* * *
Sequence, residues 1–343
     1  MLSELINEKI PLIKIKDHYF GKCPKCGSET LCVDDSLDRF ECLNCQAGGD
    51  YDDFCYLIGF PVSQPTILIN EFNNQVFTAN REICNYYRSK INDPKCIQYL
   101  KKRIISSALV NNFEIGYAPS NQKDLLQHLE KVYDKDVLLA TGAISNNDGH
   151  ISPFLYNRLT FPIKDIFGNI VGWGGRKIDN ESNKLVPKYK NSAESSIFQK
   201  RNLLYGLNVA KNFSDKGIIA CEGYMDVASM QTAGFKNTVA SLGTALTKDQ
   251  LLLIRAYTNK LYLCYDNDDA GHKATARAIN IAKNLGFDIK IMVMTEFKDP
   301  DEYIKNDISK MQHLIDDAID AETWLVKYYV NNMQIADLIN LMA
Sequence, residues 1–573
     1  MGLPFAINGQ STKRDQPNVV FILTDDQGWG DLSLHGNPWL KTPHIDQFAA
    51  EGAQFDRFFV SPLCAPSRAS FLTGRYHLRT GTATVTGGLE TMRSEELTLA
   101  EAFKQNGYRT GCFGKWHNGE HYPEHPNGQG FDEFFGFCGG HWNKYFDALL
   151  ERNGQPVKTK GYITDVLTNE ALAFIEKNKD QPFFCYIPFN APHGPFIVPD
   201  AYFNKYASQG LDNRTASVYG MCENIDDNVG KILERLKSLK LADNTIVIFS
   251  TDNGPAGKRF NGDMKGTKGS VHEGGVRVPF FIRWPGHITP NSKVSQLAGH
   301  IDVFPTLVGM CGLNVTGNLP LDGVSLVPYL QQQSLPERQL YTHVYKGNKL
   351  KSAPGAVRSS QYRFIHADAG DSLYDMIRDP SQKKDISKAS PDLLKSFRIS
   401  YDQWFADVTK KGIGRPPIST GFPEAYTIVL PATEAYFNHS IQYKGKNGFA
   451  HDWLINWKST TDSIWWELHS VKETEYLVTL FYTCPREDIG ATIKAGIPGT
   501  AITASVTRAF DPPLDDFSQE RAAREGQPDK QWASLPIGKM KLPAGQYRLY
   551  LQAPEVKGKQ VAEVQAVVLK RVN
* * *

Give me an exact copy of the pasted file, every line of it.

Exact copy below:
Sequence, residues 1–343
     1  MLSELINEKI PLIKIKDHYF GKCPKCGSET LCVDDSLDRF ECLNCQAGGD
    51  YDDFCYLIGF PVSQPTILIN EFNNQVFTAN REICNYYRSK INDPKCIQYL
   101  KKRIISSALV NNFEIGYAPS NQKDLLQHLE KVYDKDVLLA TGAISNNDGH
   151  ISPFLYNRLT FPIKDIFGNI VGWGGRKIDN ESNKLVPKYK NSAESSIFQK
   201  RNLLYGLNVA KNFSDKGIIA CEGYMDVASM QTAGFKNTVA SLGTALTKDQ
   251  LLLIRAYTNK LYLCYDNDDA GHKATARAIN IAKNLGFDIK IMVMTEFKDP
   301  DEYIKNDISK MQHLIDDAID AETWLVKYYV NNMQIADLIN LMA
Sequence, residues 1–573
     1  MGLPFAINGQ STKRDQPNVV FILTDDQGWG DLSLHGNPWL KTPHIDQFAA
    51  EGAQFDRFFV SPLCAPSRAS FLTGRYHLRT GTATVTGGLE TMRSEELTLA
   101  EAFKQNGYRT GCFGKWHNGE HYPEHPNGQG FDEFFGFCGG HWNKYFDALL
   151  ERNGQPVKTK GYITDVLTNE ALAFIEKNKD QPFFCYIPFN APHGPFIVPD
   201  AYFNKYASQG LDNRTASVYG MCENIDDNVG KILERLKSLK LADNTIVIFS
   251  TDNGPAGKRF NGDMKGTKGS VHEGGVRVPF FIRWPGHITP NSKVSQLAGH
   301  IDVFPTLVGM CGLNVTGNLP LDGVSLVPYL QQQSLPERQL YTHVYKGNKL
   351  KSAPGAVRSS QYRFIHADAG DSLYDMIRDP SQKKDISKAS PDLLKSFRIS
   401  YDQWFADVTK KGIGRPPIST GFPEAYTIVL PATEAYFNHS IQYKGKNGFA
   451  HDWLINWKST TDSIWWELHS VKETEYLVTL FYTCPREDIG ATIKAGIPGT
   501  AITASVTRAF DPPLDDFSQE RAAREGQPDK QWASLPIGKM KLPAGQYRLY
   551  LQAPEVKGKQ VAEVQAVVLK RVN